• Baseline and MACD (Move, Add, Change, Delete) Process
– Validation with systems
– Sales team validation
– Interface with Customer
– Sales team validation
– Interface with tools
– Interface with Customer
• Record Location Control
• Capture of Major Findings
– Site Analysis
– PID/SN Assessment
– Intra-Customer Reconciliation
– Customer Reconciliation
– Upload Assessment
• Use of Customer Reconciliation
• Serial Number Requirements
• Service Level Cascades
• Start/End Coverage Dates
• MACD Overrides
• “Sequence of Events”
• Tracking Function Completion
• Apply Engagement “Rules”
• High Level
• Detailed at the Status Level
• Ad Hoc for the Account Team
Only by focusing on all five components of the overall reconciliation process was the Company assured that its asset data repository could provide it with the functionality, tools and resources it required to support its overall asset management initiative.
The Key Benefits of Asset Management
The benefits of effective asset management are many – both for the business itself, as well as for its customers. For the business, the key benefits are:
- Increased customer satisfaction
- Increased service delivery performance and contract accuracy
- Reduced risk of unknown equipment in customers’ networks
- Improved entitlement verification and speed
- Improved depot sparing accuracy to support customers
- Creation of an MACD process with the customer
For the business’s customers, the benefits are equally rewarding, consisting of:
- Increased knowledge and trust of asset data and locations
- Reduced network compliance and security issues
- Improved accuracy of asset accounting/depreciation
- Improved Asset Life Cycle Management
- Increased business control for asset ownership, usage and procurement
- Reduction in the number of audits
In both cases the benefits are substantial, measureable and quantifiable. Further, they are easily transferable into ROI-based metrics that can be used as a compelling tool for persuading management to move forward with the most effective asset management solution.
About the Author
Joe DeSiena is President of Consulting Services at Bardess Group, Ltd., a Management Consulting firm specializing in data revitalization, business process design, and information technology for services-related businesses. He is currently a board member of the Society for Information Management in New Jersey.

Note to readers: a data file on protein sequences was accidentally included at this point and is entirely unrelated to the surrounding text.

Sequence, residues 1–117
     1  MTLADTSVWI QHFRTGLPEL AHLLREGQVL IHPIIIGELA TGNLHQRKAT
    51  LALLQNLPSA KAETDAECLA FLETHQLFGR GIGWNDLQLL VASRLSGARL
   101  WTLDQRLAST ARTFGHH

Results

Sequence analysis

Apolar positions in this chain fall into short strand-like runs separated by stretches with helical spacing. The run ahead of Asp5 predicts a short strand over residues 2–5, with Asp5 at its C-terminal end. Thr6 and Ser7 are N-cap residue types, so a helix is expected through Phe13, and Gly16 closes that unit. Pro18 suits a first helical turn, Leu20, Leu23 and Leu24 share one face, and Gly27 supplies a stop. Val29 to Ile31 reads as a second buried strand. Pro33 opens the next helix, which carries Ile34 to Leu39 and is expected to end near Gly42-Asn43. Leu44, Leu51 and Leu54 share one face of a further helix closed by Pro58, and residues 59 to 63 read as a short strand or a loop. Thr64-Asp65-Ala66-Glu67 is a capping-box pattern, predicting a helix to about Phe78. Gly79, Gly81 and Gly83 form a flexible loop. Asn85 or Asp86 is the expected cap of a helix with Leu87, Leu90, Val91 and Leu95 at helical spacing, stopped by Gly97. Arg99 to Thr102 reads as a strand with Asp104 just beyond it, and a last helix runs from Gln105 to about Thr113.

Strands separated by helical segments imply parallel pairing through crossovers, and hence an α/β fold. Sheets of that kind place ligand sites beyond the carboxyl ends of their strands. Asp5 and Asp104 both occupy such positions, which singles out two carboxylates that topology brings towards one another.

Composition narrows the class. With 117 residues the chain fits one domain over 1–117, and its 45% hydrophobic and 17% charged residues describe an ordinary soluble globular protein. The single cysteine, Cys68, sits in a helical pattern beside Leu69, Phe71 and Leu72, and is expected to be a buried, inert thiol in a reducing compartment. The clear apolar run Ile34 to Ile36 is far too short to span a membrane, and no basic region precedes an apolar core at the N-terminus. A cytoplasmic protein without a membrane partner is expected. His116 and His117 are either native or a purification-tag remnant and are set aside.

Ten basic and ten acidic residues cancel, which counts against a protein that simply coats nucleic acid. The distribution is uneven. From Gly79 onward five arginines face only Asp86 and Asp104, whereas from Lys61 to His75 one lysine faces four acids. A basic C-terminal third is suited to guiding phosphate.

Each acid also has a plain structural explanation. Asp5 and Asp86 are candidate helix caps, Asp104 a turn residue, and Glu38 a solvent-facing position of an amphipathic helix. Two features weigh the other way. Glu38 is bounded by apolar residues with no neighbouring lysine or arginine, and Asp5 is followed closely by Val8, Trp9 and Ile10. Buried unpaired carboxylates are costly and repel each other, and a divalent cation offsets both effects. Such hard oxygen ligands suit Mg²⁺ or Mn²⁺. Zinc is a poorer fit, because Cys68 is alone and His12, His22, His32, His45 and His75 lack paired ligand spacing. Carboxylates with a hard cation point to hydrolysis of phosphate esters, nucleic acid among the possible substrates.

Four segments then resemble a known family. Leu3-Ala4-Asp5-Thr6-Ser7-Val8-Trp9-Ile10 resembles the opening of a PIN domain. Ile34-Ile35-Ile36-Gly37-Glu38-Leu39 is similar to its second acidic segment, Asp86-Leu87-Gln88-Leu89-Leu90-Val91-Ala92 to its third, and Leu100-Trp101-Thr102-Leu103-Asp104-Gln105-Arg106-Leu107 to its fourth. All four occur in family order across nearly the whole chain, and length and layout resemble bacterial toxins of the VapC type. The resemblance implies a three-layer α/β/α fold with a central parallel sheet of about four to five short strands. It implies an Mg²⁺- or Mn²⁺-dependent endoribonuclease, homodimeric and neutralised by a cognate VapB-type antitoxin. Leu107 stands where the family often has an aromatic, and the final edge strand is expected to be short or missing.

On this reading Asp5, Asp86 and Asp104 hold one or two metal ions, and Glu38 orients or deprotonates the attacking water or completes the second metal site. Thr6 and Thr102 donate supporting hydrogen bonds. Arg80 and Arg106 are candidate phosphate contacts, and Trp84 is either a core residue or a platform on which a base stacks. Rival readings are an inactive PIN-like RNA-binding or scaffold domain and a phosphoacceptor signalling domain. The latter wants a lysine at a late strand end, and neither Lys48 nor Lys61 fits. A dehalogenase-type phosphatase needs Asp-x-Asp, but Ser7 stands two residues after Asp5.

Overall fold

He is an experienced management consultant with over 20 years of professional experience assisting Fortune 500 clients in resolving business issues related to the Triangle Relationship between business data, processes and systems functions for services and sales organizations. More specifically, he has directed engagements in services marketing and delivery, business planning, data revitalization, data migration, process design and reengineering among others. He has shared his experience and insights in presentations before numerous senior client and association groups.
Joe DeSiena’s industry exposure includes data networking, telecommunications, manufacturing, pharmaceuticals, financial services, utilities, travel and entertainment among others. He has corporate management experience in major companies such as American Express, Chase, Bristol Meyers-Squibb, Coopers & Lybrand (PWC), Deloitte Touche, and Pan Am. Joe DeSiena is a graduate of the Stern School of Business at NYU with an MBA in Finance. He received his B.A. in Mathematics and Economics from the State University of New York at Stony Brook graduating Magna Cum Laude with Phi Beta Kappa honors.